Housed in a 19th century patrician house in Charlottenburg, The Bleibtreu Hotel is committed to art, design and comfort. The hotel is notable for its literary project, LiteraturRaum. This program invites famous authors from around the world to stay at the hotel for several weeks and to write on the hotel’s blog. Recording their observations and thoughts, this project captures Berlin from the perspective of some of the most exciting minds in the literary world. The hotel also contains a range of art and designer furniture, further demonstrating its devotion to culture.
Right next to Berlin’s zoo and the enormous Großfürstenplatz Park, Das Stue lets its visitors see the natural beauty and culture of Berlin. The hotel’s architecture features a stunning merging of old and new, with visible elements of both the original Royal Danish embassy building and architect Annette Axthelm’s modern additions. Art and design also stand out in this boutique hotel, with a large collection of original prints on display in the contemporary interiors designed by Patricia Urquiola. Highlighting its natural neighbours, the hotel also features many animal themed decorations.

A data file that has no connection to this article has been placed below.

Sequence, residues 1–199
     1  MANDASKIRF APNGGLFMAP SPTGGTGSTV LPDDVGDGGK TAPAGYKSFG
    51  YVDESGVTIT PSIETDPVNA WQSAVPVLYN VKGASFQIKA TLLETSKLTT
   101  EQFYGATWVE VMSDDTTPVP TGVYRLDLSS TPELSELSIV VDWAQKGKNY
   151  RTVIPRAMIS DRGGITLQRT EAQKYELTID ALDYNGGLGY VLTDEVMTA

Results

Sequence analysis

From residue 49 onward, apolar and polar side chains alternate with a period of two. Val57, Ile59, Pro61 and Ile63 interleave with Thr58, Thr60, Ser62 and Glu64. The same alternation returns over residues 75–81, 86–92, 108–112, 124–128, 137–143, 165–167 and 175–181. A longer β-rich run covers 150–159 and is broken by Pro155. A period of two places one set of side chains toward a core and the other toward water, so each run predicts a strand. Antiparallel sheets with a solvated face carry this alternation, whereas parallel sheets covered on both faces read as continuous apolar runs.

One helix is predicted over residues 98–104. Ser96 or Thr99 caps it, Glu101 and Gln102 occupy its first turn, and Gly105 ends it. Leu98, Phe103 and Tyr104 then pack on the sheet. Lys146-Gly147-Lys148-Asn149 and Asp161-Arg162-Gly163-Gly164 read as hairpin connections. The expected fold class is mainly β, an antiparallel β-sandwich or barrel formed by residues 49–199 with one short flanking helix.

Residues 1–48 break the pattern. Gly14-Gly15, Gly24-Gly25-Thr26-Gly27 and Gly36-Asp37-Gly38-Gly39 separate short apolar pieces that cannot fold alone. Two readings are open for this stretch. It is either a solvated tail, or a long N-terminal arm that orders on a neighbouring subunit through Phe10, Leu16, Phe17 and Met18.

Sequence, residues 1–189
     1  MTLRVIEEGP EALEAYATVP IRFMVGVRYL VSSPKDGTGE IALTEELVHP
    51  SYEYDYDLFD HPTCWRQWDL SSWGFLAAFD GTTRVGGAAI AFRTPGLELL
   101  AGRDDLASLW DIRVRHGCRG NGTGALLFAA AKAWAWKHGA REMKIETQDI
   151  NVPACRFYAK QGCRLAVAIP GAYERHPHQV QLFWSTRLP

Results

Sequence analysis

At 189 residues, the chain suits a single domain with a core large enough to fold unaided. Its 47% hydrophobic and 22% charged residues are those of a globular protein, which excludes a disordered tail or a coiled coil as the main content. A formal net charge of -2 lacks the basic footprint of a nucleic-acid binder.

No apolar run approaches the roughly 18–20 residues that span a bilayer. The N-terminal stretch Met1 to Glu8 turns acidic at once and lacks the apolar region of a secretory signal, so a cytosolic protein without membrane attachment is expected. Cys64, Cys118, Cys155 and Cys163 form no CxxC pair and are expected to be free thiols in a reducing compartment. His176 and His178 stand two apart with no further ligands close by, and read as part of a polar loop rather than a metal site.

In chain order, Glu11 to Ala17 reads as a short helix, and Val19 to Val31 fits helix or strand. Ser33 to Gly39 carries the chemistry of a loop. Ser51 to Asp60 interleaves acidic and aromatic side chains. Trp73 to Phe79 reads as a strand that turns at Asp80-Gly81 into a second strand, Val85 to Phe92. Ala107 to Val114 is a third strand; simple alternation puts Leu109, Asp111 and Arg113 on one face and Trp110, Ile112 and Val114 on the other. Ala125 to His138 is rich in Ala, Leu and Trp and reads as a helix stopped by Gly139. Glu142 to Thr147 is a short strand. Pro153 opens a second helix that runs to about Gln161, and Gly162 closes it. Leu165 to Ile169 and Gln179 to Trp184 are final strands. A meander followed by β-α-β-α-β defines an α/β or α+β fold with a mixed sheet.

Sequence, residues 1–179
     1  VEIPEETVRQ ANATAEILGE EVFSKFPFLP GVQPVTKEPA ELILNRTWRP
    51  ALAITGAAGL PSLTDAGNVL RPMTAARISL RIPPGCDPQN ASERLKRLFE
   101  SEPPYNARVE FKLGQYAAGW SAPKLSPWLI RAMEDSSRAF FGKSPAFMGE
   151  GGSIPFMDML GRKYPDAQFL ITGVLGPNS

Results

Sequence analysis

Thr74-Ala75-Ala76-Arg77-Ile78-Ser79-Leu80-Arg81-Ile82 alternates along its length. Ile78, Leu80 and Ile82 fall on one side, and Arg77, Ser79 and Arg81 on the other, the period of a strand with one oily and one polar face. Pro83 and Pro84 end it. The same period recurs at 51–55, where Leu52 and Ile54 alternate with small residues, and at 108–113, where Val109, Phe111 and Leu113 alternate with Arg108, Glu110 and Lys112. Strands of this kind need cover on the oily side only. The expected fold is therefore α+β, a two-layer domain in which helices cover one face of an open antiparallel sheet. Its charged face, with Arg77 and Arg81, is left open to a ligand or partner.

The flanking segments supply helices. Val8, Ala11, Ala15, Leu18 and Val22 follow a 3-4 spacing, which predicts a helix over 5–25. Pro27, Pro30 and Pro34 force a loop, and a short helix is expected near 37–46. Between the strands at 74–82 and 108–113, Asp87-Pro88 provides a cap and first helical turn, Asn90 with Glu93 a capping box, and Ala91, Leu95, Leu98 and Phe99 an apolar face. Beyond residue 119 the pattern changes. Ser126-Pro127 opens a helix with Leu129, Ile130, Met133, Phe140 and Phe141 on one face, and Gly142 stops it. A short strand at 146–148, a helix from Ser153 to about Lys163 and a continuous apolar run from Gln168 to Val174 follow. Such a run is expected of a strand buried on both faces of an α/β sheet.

Hotel Albrechtshof is in the heart of Berlin, both geographically and metaphorically. Originally opened as a hospice in 1910, the building has always been used to help the people of Berlin. Throughout the years it grew in reputation and became one of the most respected hospices in the city. Since becoming a hotel, it has continued its humanitarian nature, donating some of its profits to churches and charity organisations. During the rule of the East German Communist Party, the hotel was one of the only houses that was not under state regimentation, and so it became a refuge for many families divided by the Berlin Wall.
The history of this hotel reveals the resistant spirit found in Berlin during the communist era. The hotel consists of two separate edifices, the Honigmond Garden Hotel and the Honigmond Restaurant Hotel. The former was constructed in 1845, and surviving the test of time, is now a monument-protected house, while the structure of the Restaurant Hotel was built in 1895. Originally a tavern, it became a meeting point for intellectuals and artists during the GDR era. With figures such as Wolf Beirmann known as regular customers, the venue was soon labelled as part of the ‘opposition’. Before the end of the Communist rule, the tavern was shut down by the Ministry for State Security, and it wasn’t until 1995 that it reopened. Its rebirth came in the form of a restaurant, which soon grew into a hotel. Continually increasing in popularity, the Honigmond opened its second location at the Garden Hotel in 2000.
The Michel Berger Hotel fills the gap between artistic and affordable. Created and owned by a group of friends, Michel Berger Hotel exudes the atmosphere of a mate’s place rather than a hotel. The rooms come in quirky sizes like ‘Cosy’ or ‘Band’, and feature distinct interiors with trendy decorations such as books for wallpaper or a snow sled for a coffee table. Each room radiates an exciting indie aura that is heightened by the relaxed and comfortable atmosphere of the hotel. Not static in its cultural activities, the hotel also functions as a graphic design studio, music venue and general hangout spot.